Pay attention to the bow in the recording. What does it look like?
“It’s the same as yours.”
Exactly. You’ll note the city had started to burn, by then. With our forces decimated, our leaders dead, and our defenses breached, we didn’t stand a chance, especially not with me on the ground, slowly waiting for death to come. The recording can give you a basic idea of what it was like, but it can’t capture everything. It doesn’t show you the feelings I had, despite being unable to talk. It can’t show you the traumatic sounds I heard that night.
They all…just……died. Everything I had left was…gone. The best of the best in the world, powerless to stop one man and his army. If we had our forces at full strength, then we could have stopped him, even if he himself was more powerful than any individual. Without the strength in numbers and the element of surprise, we would have outclassed him, defeated his army, and with his army gone, a single man wouldn’t stand a chance against an army such as ours. But we didn’t, so we couldn’t, and he got through.
I was powerless to do anything. The hero had melted away, crushed by the force of an enemy too strong for anyone else to face. The greatest hero in the land, crushed by a villain so bad he was thought to be a mere myth. All my strength was worthless, all my resolve did nothing.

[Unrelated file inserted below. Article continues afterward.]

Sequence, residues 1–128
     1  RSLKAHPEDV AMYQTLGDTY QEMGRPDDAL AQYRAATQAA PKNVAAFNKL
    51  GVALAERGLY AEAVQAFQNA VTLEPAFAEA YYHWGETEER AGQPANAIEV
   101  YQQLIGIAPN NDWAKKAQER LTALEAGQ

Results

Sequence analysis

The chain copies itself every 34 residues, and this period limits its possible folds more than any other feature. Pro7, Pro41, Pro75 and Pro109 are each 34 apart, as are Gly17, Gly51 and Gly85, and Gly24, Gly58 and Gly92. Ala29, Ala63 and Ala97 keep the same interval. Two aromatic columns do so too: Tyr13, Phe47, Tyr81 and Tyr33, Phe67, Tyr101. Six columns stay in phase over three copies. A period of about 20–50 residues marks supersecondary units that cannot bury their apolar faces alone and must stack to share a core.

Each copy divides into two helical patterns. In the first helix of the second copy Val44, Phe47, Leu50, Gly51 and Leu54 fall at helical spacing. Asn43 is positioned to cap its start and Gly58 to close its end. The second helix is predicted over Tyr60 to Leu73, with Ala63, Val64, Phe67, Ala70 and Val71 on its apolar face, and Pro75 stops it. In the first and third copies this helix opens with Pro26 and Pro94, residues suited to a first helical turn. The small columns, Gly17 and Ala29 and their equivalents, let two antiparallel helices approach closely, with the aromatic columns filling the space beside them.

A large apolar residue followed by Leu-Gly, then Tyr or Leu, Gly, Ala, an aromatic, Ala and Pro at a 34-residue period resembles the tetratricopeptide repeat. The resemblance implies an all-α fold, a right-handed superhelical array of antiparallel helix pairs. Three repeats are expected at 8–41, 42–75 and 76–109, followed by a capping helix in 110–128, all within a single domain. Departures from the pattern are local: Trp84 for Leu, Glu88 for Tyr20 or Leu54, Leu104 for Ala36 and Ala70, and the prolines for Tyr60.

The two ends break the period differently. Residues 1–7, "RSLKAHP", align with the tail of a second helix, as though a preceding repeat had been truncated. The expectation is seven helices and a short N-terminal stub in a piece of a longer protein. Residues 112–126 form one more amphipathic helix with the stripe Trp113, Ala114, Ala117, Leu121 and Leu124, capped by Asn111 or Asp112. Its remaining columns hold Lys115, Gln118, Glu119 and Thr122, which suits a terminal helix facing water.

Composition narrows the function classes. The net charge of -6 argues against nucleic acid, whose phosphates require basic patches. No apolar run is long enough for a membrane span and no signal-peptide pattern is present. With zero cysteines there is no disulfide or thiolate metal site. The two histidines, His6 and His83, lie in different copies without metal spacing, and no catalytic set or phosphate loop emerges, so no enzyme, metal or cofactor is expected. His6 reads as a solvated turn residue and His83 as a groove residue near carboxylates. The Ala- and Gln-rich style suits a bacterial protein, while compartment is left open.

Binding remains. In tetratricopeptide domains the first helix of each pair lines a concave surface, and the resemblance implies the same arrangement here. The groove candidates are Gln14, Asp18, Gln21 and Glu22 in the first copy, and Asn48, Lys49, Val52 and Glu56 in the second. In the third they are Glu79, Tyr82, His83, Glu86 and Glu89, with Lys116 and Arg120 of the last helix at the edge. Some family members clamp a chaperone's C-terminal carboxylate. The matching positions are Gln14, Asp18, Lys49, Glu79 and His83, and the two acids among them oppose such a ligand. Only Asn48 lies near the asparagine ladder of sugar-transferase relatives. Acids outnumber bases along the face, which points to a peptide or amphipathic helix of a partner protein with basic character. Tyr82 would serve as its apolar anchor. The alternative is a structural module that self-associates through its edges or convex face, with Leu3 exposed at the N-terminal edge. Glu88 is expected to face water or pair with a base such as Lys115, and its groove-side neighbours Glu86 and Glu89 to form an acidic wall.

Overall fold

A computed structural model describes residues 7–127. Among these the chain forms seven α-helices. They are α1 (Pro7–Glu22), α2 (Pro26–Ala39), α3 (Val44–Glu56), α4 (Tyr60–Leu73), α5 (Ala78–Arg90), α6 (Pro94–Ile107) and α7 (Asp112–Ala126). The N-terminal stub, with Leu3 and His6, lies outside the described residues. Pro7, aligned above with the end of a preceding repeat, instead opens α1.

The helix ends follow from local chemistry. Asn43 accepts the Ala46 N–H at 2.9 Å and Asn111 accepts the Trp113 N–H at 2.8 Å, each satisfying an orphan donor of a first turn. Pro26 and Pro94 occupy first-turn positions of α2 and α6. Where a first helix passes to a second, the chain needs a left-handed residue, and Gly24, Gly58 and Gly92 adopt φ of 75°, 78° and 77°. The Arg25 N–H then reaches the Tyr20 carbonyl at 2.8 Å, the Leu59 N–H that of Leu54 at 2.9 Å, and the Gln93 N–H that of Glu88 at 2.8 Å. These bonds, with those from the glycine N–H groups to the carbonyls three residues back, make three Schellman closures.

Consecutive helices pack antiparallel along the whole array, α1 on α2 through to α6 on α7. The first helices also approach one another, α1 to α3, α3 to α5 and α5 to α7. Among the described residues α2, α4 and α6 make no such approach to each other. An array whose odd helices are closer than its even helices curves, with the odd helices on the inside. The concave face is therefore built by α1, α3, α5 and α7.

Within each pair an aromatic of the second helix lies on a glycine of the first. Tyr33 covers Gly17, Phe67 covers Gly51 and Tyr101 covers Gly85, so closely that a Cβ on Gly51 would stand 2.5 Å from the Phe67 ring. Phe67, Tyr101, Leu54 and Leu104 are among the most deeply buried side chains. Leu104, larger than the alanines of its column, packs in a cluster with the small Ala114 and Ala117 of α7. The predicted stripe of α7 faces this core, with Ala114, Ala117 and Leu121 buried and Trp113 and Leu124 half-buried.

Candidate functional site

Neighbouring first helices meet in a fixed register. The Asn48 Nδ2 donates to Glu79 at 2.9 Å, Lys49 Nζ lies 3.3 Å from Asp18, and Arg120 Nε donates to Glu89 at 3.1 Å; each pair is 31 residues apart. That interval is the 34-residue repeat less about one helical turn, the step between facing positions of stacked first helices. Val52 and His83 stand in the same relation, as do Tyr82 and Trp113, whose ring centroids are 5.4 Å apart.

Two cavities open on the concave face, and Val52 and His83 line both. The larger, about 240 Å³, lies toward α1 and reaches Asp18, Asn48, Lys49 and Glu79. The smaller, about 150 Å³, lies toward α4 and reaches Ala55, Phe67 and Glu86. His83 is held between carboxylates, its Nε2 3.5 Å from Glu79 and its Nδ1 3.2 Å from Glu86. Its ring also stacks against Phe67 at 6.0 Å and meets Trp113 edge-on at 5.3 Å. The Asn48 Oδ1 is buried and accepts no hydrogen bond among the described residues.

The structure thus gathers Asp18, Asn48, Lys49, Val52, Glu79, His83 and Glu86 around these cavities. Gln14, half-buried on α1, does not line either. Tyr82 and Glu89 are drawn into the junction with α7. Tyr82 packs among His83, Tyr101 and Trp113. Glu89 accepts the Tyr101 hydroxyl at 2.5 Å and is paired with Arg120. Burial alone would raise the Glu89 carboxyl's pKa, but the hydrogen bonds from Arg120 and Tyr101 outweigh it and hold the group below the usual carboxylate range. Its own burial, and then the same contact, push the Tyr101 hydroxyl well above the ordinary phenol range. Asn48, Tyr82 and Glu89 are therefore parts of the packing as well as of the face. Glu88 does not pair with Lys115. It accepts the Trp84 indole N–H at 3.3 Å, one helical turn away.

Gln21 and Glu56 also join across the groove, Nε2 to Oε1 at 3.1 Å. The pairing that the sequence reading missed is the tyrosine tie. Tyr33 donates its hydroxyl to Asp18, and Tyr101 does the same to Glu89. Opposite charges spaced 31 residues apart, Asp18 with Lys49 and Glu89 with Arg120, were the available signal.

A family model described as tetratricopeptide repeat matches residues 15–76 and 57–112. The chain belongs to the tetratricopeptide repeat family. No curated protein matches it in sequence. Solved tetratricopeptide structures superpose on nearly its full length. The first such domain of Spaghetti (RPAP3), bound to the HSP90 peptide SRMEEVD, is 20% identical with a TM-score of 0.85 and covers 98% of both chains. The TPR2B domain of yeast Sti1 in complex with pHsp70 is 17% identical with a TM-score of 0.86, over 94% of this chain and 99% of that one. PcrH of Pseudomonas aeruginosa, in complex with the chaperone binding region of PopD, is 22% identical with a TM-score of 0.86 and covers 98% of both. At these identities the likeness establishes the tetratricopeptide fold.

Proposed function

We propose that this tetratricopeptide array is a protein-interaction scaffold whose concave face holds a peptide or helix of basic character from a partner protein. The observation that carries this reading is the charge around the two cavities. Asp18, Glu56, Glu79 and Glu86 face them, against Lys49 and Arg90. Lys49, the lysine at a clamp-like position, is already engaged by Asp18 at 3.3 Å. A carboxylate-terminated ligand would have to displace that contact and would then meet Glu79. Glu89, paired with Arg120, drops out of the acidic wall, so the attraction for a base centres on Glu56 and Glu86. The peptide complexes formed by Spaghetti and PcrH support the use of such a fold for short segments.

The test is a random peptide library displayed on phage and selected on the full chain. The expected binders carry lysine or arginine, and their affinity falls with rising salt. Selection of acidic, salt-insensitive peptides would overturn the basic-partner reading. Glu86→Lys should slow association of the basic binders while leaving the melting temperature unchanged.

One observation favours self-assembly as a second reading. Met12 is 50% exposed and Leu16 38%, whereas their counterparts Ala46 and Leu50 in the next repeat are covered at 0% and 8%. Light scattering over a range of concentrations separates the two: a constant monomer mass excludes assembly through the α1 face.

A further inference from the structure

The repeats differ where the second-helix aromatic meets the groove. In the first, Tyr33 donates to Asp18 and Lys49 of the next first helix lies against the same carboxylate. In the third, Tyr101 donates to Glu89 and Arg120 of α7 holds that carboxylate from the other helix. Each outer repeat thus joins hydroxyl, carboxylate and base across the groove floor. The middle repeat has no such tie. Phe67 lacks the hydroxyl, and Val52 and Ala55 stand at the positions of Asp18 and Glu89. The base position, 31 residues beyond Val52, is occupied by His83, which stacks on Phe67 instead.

All I could do is watch the horrific scene play out. In my weakened state, I had let every piece of my life I had ever known burn, let everyone I ever knew die, be murdered by Ati. I’m sure there were a few survivors who escaped, but for the most part, it was a massacre. All that I had, my men, my friends, my Rangers, everything I cherished…dead.
I felt the heat of the flames consume everything around me. I saw many dead bodies only illuminated by the fires around them, scattered everywhere, most of them people I had known. The screams of people being killed, the shrieks of pain as death consumed the city. The smoke clogged the sky. Everything I had known was being eaten up by the inferno of doom. Feeling for the first time hopeless, I began to fade away.
As the world crashed down in front of me, burning to ashes and cinder, I had nothing left for which to truly cherish. My friends, my kingdom, my comrades, students, my life…all gone. I closed my eyes. I really wanted to die, that day, fearing not that I would never wake, but that my iron-hard will would persevere over death. Part of me wanted to live, to get revenge, but in truth, I wanted to die. With the realities I faced that day, after all, death would have been a blessing I would’ve welcomed with open arms.
Yet my suffering was far from over, yet.